!split_libraries_fastq.py -o moving_pictures_tutorial-1.8.0/illumina/slout/ -i moving_pictures_tutorial-1.8.0/illumina/raw/subsampled_s_1_sequence.fastq,moving_pictures_tutorial-1.8.0/illumina/raw/subsampled_s_2_sequence.fastq,moving_pictures_tutorial-1.8.0/illumina/raw/subsampled_s_3_sequence.fastq,moving_pictures_tutorial-1.8.0/illumina/raw/subsampled_s_4_sequence.fastq,moving_pictures_tutorial-1.8.0/illumina/raw/subsampled_s_5_sequence.fastq,moving_pictures_tutorial-1.8.0/illumina/raw/subsampled_s_6_sequence.fastq -b moving_pictures_tutorial-1.8.0/illumina/raw/subsampled_s_1_sequence_barcodes.fastq,moving_pictures_tutorial-1.8.0/illumina/raw/subsampled_s_2_sequence_barcodes.fastq,moving_pictures_tutorial-1.8.0/illumina/raw/subsampled_s_3_sequence_barcodes.fastq,moving_pictures_tutorial-1.8.0/illumina/raw/subsampled_s_4_sequence_barcodes.fastq,moving_pictures_tutorial-1.8.0/illumina/raw/subsampled_s_5_sequence_barcodes.fastq,moving_pictures_tutorial-1.8.0/illumina/raw/subsampled_s_6_sequence_barcodes.fastq -m moving_pictures_tutorial-1.8.0/illumina/raw/filtered_mapping_l1.txt,moving_pictures_tutorial-1.8.0/illumina/raw/filtered_mapping_l2.txt,moving_pictures_tutorial-1.8.0/illumina/raw/filtered_mapping_l3.txt,moving_pictures_tutorial-1.8.0/illumina/raw/filtered_mapping_l4.txt,moving_pictures_tutorial-1.8.0/illumina/raw/filtered_mapping_l5.txt,moving_pictures_tutorial-1.8.0/illumina/raw/filtered_mapping_l6.txt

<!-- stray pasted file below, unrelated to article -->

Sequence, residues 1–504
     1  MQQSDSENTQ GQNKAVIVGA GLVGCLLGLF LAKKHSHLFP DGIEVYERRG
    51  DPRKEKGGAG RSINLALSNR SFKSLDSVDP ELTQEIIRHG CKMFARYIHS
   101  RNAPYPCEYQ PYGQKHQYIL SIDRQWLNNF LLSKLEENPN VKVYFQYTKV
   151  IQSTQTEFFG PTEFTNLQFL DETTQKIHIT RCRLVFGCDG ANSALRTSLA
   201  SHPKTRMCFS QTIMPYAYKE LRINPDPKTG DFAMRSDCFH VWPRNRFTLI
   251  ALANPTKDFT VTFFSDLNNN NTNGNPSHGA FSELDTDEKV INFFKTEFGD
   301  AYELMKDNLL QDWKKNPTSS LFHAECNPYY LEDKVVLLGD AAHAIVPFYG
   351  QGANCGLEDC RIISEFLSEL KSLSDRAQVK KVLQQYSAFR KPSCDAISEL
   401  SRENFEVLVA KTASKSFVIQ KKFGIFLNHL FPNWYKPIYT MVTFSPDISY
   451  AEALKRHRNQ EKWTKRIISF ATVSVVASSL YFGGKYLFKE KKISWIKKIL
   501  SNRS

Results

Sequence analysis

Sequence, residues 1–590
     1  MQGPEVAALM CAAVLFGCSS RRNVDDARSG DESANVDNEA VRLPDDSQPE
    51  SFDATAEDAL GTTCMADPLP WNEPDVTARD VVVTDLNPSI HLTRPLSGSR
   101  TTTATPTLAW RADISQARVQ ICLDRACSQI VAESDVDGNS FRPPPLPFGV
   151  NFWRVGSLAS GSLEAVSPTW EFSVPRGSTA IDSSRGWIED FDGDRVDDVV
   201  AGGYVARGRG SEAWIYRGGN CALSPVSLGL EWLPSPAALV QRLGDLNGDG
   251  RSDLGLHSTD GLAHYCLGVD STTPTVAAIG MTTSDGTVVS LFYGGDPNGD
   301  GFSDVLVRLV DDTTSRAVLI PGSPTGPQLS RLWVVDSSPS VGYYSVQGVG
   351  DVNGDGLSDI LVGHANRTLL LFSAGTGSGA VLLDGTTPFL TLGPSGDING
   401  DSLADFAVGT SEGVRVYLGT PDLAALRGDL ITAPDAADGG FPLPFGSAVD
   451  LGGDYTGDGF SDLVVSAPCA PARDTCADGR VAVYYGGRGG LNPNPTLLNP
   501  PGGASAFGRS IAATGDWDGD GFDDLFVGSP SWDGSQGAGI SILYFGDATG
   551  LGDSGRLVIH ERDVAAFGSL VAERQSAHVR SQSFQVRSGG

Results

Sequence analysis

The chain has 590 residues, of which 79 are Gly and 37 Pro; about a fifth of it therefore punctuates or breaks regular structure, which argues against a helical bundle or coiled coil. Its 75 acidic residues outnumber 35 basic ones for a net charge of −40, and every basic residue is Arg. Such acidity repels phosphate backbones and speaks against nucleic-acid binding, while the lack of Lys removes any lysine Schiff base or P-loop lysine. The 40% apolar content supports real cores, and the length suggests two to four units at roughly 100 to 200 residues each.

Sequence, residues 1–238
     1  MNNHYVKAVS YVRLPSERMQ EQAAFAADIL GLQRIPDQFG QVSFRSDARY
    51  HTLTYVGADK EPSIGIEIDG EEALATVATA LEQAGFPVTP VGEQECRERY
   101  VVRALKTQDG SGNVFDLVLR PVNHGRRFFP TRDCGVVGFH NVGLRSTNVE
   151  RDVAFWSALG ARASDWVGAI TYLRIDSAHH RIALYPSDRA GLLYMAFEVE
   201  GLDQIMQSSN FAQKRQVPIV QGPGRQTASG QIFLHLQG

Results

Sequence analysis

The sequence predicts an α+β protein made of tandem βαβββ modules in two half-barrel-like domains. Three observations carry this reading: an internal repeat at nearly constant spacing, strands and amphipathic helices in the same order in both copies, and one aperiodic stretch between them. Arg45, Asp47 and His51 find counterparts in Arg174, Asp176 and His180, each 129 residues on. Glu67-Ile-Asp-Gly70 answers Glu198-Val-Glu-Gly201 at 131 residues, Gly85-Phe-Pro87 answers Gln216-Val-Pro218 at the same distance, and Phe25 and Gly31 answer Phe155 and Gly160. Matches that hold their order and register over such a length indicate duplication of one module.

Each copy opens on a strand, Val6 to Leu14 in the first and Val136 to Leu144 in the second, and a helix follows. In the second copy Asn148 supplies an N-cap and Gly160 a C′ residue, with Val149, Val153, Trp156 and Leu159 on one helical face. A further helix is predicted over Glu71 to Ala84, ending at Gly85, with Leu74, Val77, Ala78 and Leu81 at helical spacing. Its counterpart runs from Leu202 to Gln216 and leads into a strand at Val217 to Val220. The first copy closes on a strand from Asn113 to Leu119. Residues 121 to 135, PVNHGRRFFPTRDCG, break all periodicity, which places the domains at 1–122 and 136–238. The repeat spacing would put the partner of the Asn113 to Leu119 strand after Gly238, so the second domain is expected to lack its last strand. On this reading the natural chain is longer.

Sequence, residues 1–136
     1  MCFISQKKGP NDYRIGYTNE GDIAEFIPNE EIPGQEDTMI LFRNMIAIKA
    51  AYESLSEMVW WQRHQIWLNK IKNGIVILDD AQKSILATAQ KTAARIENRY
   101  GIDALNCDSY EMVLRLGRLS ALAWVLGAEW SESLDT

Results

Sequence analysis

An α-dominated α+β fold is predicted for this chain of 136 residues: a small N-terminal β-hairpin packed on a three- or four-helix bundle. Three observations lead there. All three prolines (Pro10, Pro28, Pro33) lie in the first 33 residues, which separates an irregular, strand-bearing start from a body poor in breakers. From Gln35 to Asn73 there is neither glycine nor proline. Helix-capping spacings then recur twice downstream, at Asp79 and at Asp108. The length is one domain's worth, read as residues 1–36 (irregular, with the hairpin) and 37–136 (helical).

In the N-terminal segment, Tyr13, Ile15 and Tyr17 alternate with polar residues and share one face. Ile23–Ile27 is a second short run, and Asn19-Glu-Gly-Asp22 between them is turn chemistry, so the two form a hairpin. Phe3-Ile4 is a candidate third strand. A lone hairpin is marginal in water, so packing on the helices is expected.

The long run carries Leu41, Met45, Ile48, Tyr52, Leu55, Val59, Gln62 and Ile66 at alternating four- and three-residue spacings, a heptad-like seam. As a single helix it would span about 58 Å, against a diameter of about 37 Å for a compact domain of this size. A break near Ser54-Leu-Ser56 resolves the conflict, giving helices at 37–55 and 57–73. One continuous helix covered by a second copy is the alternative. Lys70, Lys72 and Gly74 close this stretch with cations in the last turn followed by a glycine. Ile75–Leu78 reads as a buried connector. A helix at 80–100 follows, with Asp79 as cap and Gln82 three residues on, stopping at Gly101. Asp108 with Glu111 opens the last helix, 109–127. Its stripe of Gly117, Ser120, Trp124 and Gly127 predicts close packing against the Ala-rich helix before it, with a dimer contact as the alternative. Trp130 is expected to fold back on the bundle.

We often want to see the results of running a command. Here we can do that by calling our output formatter again, this time passing the output directory from the previous step.

In [ ]:
FileLinks('moving_pictures_tutorial-1.8.0/illumina/slout/')
In [ ]:
!count_seqs.py -i moving_pictures_tutorial-1.8.0/illumina/slout/seqs.fna

OTU picking: using an open-reference OTU picking protocol by searching reads agsint the Greengenes database.

Now that we have demultiplexed sequences, we're ready to cluster these sequences into OTUs. There are three high-level ways to do this in QIIME. We can use a de novo, closed-reference, or open-reference OTU picking. Open-reference OTU picking is currently our preferred method. Discussion of these methods can be found in QIIME's OTU picking document.

Here we apply open-reference OTU picking, which can require about 10 minutes to run on this data set.

Note that this command takes the seqs.fna file that was generated in the previous step, as well as the reference fasta file ($reference_seqs here). We're also taking a shortcut here for the sake of reduced run time: we're using the fast uclust parameters. To allow this to run in a just a few of minutes, we're using parameters that are optimized for reduced runtime at the expense of accuracy. These correspond to uclust's default parameters. QIIME uses slightly more stringent parameter settings by default. These parameters are specified the the parameters file which is passes as -p. You can find information on defining parameters files here.

In [ ]: